In 1978, PHW received its largest gift to date: the home of early founding member Lucille Lozier. “The Duchess,” who famously led PHW during the final year of the fight to save the Conrad House and laid the groundwork for the Historic District and Board of Architectural Review, bequeathed her home at 211 S. Washington St., some of her antiques, and a nucleus of funds to preserve and maintain the grounds to PHW.(1)(2)
After discussion, the PHW board voted to accept the house and conduct feasibility studies to determine the best use of the house in accordance to the spirit of her will. The major consideration was to make the house self-sustaining, so that PHW could continue its work preserving other property with the Jennings Revolving Fund. The committee, consisting of Judy Juergans, Chuck Yerkes, Katie Rockwood, Lee Taylor, Jim Laidlaw, Eleanor White, and Betsy Helm were charged with this task.
In May, the committee returned with their findings. The house was in need of maintenance, so it was suggested some of the Lozier fund be put toward the repairs to the most pressing issues concerning the roof rafters and basement walls, and a decorator showcase could be held in the house as a fundraiser. However, the necessary structural work complicated the fundraising plan, and it appears the decorator showcase had to be cancelled.
Subsequently, the house was prepared for a single family residence rental property. It was anticipated that PHW would move its office into the Lozier House at a later point. However, the maintenance issues cost more and took longer to repair than anticipated. The house was not rented until 1980; this happily coincided with a lull in the Revolving Fund activity, which allowed PHW to operate as a landlord for a few years and to make incremental improvements to the property. By 1983, with the house substantially repaired, the grounds cleaned of dead trees and wild shrubbery, the Lozier maintenance fund depleted, and a number of significant properties becoming threatened in the downtown, the PHW board felt the pressure to get back into the Revolving Fund full time and end the landlord experiment. The Lozier House was sold to the tenants in 1983 with covenants similar to those placed on the Revolving Fund properties.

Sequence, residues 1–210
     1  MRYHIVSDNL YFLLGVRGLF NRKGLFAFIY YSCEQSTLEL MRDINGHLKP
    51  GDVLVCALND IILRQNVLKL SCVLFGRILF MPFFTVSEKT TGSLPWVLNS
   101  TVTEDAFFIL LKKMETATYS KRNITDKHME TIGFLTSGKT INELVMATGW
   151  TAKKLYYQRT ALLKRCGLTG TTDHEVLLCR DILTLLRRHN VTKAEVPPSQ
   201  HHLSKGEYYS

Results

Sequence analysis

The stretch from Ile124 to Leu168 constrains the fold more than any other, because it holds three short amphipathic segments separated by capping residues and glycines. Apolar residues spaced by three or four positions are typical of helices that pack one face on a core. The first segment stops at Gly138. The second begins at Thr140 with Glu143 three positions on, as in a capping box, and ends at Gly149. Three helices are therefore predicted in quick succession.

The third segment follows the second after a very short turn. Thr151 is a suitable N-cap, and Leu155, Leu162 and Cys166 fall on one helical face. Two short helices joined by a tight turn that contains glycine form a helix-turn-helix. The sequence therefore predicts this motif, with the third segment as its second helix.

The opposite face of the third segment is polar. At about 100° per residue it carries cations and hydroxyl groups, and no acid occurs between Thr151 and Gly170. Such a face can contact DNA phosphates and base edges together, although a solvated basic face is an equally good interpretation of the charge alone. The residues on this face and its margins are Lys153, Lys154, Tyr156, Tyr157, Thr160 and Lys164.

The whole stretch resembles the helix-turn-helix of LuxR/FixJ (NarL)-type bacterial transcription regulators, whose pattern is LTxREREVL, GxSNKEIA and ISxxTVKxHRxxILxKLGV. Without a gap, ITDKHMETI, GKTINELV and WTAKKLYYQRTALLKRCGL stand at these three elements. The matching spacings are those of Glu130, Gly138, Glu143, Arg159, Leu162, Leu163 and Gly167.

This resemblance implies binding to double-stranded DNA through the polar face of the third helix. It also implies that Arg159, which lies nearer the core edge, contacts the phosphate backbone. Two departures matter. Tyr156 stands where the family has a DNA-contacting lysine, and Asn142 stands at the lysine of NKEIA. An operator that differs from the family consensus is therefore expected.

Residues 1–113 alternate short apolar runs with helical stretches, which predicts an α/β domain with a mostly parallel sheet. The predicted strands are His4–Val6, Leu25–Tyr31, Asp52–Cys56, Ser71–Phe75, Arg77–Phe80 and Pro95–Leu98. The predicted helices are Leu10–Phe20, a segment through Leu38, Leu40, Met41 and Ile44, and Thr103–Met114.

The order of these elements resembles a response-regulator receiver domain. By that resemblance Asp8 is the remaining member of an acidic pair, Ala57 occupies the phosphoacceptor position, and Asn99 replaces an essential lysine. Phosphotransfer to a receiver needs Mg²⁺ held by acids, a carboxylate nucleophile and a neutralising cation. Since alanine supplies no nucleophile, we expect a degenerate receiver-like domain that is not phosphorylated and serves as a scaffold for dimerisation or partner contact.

Although PHW never utilized the Lozier House as office or special event space as Lucille Lozier envisioned, PHW members who knew her thought she would not wish the house to become a burden on the organization and would see the pragmatism in selling the house to others who could continue to care and treasure it. Proceeds from the sale were set aside as a nest egg to fund office staff salary and other Revolving Fund activities.
Information on the Lozier House from PHW’s unpublished minutes and Lozier House files. View other images of the Lozier House on Flickr.